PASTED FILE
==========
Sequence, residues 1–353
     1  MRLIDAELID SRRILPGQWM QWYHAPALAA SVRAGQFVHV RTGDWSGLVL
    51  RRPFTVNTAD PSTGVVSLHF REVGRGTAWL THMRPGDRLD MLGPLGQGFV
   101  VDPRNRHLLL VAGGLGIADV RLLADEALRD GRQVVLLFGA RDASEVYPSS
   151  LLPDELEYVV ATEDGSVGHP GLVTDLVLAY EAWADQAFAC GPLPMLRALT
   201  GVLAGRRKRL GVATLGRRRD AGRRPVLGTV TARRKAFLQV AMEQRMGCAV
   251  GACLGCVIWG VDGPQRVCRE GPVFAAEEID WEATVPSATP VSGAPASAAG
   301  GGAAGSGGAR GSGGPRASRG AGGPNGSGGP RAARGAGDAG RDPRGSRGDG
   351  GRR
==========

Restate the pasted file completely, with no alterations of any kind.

Sequence, residues 1–353
     1  MRLIDAELID SRRILPGQWM QWYHAPALAA SVRAGQFVHV RTGDWSGLVL
    51  RRPFTVNTAD PSTGVVSLHF REVGRGTAWL THMRPGDRLD MLGPLGQGFV
   101  VDPRNRHLLL VAGGLGIADV RLLADEALRD GRQVVLLFGA RDASEVYPSS
   151  LLPDELEYVV ATEDGSVGHP GLVTDLVLAY EAWADQAFAC GPLPMLRALT
   201  GVLAGRRKRL GVATLGRRRD AGRRPVLGTV TARRKAFLQV AMEQRMGCAV
   251  GACLGCVIWG VDGPQRVCRE GPVFAAEEID WEATVPSATP VSGAPASAAG
   301  GGAAGSGGAR GSGGPRASRG AGGPNGSGGP RAARGAGDAG RDPRGSRGDG
   351  GRR